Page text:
Mode Of Gene Action And Effects Of Environment On Expression Of Resistance To Diplodia Ear Rot In Tropical Maize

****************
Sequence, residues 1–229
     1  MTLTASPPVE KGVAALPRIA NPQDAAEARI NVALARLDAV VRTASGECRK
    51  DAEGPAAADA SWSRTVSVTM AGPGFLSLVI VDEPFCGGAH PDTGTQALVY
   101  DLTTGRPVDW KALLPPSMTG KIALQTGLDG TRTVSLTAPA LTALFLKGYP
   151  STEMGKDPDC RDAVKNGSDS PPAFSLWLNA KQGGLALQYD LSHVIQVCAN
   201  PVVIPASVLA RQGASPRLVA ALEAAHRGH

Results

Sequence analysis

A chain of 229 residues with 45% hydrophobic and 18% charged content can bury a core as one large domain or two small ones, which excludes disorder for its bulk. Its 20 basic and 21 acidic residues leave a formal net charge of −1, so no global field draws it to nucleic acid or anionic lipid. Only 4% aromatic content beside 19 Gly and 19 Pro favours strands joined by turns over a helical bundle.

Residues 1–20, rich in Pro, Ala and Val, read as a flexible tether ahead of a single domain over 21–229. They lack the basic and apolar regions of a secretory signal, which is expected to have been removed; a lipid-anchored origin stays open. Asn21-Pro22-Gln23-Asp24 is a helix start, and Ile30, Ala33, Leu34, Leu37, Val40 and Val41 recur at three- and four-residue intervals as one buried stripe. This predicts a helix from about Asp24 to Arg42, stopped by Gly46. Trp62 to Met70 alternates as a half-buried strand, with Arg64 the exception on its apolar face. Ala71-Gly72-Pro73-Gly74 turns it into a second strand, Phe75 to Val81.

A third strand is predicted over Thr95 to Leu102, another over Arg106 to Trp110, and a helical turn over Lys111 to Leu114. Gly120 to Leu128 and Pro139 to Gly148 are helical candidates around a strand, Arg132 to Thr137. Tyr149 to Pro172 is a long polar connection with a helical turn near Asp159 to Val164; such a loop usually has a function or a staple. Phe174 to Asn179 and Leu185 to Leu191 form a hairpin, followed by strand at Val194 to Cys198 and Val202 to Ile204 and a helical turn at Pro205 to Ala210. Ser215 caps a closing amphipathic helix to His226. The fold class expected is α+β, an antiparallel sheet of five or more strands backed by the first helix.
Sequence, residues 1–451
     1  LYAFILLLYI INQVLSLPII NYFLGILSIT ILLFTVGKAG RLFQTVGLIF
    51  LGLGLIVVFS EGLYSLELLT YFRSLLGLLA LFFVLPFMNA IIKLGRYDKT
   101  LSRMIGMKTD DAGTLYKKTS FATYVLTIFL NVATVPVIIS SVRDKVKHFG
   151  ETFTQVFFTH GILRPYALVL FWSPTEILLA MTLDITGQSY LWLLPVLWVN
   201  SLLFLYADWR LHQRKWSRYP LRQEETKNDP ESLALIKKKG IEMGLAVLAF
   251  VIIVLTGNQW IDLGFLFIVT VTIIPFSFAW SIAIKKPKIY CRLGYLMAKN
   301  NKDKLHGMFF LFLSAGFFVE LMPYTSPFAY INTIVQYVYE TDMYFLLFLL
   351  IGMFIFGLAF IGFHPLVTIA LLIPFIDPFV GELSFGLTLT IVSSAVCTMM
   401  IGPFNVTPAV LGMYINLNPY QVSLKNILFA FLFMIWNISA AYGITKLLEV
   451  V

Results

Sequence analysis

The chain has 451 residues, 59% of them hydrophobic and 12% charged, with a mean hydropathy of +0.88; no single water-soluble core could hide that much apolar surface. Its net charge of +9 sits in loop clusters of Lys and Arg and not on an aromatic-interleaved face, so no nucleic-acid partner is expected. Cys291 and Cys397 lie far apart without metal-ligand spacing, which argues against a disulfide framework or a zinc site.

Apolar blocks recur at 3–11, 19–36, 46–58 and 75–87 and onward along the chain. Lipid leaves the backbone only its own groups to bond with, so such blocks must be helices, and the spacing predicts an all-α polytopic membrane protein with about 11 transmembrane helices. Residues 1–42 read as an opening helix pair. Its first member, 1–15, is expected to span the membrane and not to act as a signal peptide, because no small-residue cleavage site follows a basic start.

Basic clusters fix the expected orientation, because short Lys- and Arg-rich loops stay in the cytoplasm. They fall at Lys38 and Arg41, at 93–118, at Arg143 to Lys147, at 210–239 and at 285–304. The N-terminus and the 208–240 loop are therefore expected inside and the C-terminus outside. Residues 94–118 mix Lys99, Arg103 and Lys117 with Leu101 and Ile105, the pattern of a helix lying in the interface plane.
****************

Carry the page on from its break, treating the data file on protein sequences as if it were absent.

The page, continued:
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Diplodia ear rot is one of the most important maize diseases in Kenya. The fungus causes yield losses and also contaminate the grains with mycotoxins, diplodiol and diploidiatoxin, making the maize unhealthy, and can even be lethal, if ingested by humans and livestock. Little work has been conducted on Diplodia ear rot. Two experiments were conducted to evaluate maize germplasm for resistance to Diplodia ear rot disease which could effectively combat the negative effects of maize nutritive quality and production. The objectives of this study were to: (i) assess the performance of hybrids for Diplodia resistance and yield (Experiment 1); (ii) and to estimate the mode of gene action, general and specific combining abilities among hybrids and inbred lines under inoculated, non-inoculated and drought conditions (Experiment 2). In Experiment 1, 80 hybrids and four check varieties were assessed under natural and artificial disease inoculation across six locations. An Alpha lattice design was used with two replications. The plots which were kept free of weeds measured 5 m long and were spaced at 0.75 m between rows and 0.25 m between hills. Each experiment received DAP fertilizer at 80 Kg/ha P2O5 and 31 Kg/ha at planting and top dressed with CAN at 80 Kg N six weeks after planting. Results indicated significant differences among the hybrids (P<0.001) for grain yield and severity of Diplodia disease. Hybrid 31 (incidence and severity of 9 and 14) and H 3 (incidence and severity of 6 and 4) had the lowest disease severity under artificial and natural disease conditions. The best producing hybrids were hybrid 6 (6.6 t/ha-1) and hybrid 66 (6 t/ha-1) on average under both conditions compared with WH505 (4.5 t/ha-1) which was the best check across the six locations. For Experiment 2, 66 F1 diallel hybrids and 12 parental inbred lines were evaluated under natural and artificial disease conditions as well as under managed drought conditions across ten locations. The mode of gene action and combining ability were estimated using Griffing Method 4, Model I and means were separated using least significant difference method of Duncan. Similar to the effects associated with grain yields, general combining ability (GCA) effects were more important than the specific combining ability (SCA) for both disease incidence and severity under stress and non-stress conditions. The non- additive gene effects were more important than additive ones under high Diplodia disease pressure conditions; the contrary was true under low Diplodia disease conditions. Hybrids 5 and H2 were associated with high yields under high and low Diplodia disease respectively while H51 and H2 were the most resistant hybrids. Among the 66 hybrids evaluated it was observed that resistant hybrids produced more yield thus, resistance to Diplodia was closely associated with high grain yields. It was concluded that inbred lines CL-RCW31-# and CKL05003 had the best GCA effects for Diplodia incidence and severity under both conditions. Also inbred line CKL05003, CL-RCW31-# and CKL05019 had best GCA effects for grain yield. It was also concluded that hybrids H51, H2 and parental lines CKL05019 and CKL05003 had the highest potential for commercial exploitation. It was therefore, recommended that these single cross hybrids and their parental inbred lines should be incorporated into breeding programmes for Diplodia disease resistance in East Africa.